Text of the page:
Biography of President James Madison
Celebrated Americans





JAMES MADISON, the fourth president of the United States, 1809-47, was born at Port Conway, Prince George county, Virginia, March 16, 1751. He was the son of a wealthy planter, who lived on a fine estate called "Montpelier," which was but twenty five miles from Monticello, the home of Thomas Jefferson. Mr. Madison was the eldest of a family of seven children, all of whom attained maturity. He received his early education at home under a private tutor, and consecrated himself with unusual vigor to study. At a very early age he was a proficient scholar in Latin, Greek, French and Spanish, and in 1769 he entered Princeton College, New Jersey. He graduated in 1771, but remained for several months after his graduation to pursue a course of study under the guidance of Dr. Witherspoon. He permanently injured his health at this time and returned to Virginia in 1772, and for two years he was immersed in the study of law, and at the same time made extended researches in theology, general literature, and philosophical studies. He then directed his full attention to the impending struggle of the colonies for independence, and also took a prominent part in the religious controversy at that time regarding so called persecution of other religious denominations by the Church of England. Mr. Madison was elected to the Virginia assemblyin 1776 and in November, 1777, he was chosen a member of the council of state, He took his seat in the continental congress in March, 1780. He was made chairman of the committee on foreign relations, and drafted an able memoranda for the use of the American ministers to the French and Spanish governments, that established the claims of the republic to the territories between the Alleghany Mountains and the Mississippi River. He acted as chairman of the ways and means committee in 1783 and as a member of the Virginia legislature in 1784-86 he rendered important services to the state. Mr. Madison represented Virgiana in the national constitutional convention at Philadelphia in 1787, and was one of the chief framers of the constitution, He was a member of the first four congresses, 1789-97, and gradually became identified with the anti federalist or republican party of which he eventually became the leader. He remained in private life during the administration of John Adams, and was secretary of state under President Jefferson. Mr. Madison administered the affairs of that post with such great ability that he was the natural successor of the chief magistrate and was chosen president by an electoral vote of 122 to 53. He was inaugurated March 4, 1809, at that critical period in our history when the feelings of the people were embittered with those of England, and his first terni was passed in diplomatic quarrels, which finally resulted in the declaration of war, June 18, 1812. In the autumn of that year President Madison was re-elected by a vote of 128 to 89, and conducted the war for three years with varying success and defeat in Canada, by glorious victories at sea, and by the battle of New Orleans that was fought after the treaty of peace had been signed at Ghent, December 24, 1814. During this war the national capitol at Washington was burned, and many valuable papers were destroyed, but the declaration of independence was saved to the country by the bravery and courage of Mr. Madison's illustrious wife. A commercial treaty was negotiated with Great Britain in 1815, and in April, 1816, a national bank was incorporated by congress. Mr. Madison was succeeded, March 4, 1817, by James Monroe, and retired into private life on his estate at Montpelier, where he died June 28, 1836.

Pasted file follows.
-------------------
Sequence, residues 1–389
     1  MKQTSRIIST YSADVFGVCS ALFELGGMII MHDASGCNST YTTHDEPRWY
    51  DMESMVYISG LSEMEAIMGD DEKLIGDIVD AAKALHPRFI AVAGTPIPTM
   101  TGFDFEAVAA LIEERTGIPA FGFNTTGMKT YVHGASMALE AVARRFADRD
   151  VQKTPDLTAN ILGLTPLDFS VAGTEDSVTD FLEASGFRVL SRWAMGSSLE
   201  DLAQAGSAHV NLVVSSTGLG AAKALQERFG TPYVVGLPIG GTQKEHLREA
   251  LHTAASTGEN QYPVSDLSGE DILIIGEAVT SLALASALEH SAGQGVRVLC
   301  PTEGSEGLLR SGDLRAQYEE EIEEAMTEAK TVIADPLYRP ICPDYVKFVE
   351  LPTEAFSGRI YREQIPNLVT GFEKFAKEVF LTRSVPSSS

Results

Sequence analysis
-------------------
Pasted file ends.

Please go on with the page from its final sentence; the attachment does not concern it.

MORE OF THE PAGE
FROM:
A Biographical Record
Of Schuyler County, New York
The S. J. Clarke Publishing Company
New York and Chicago 1903.


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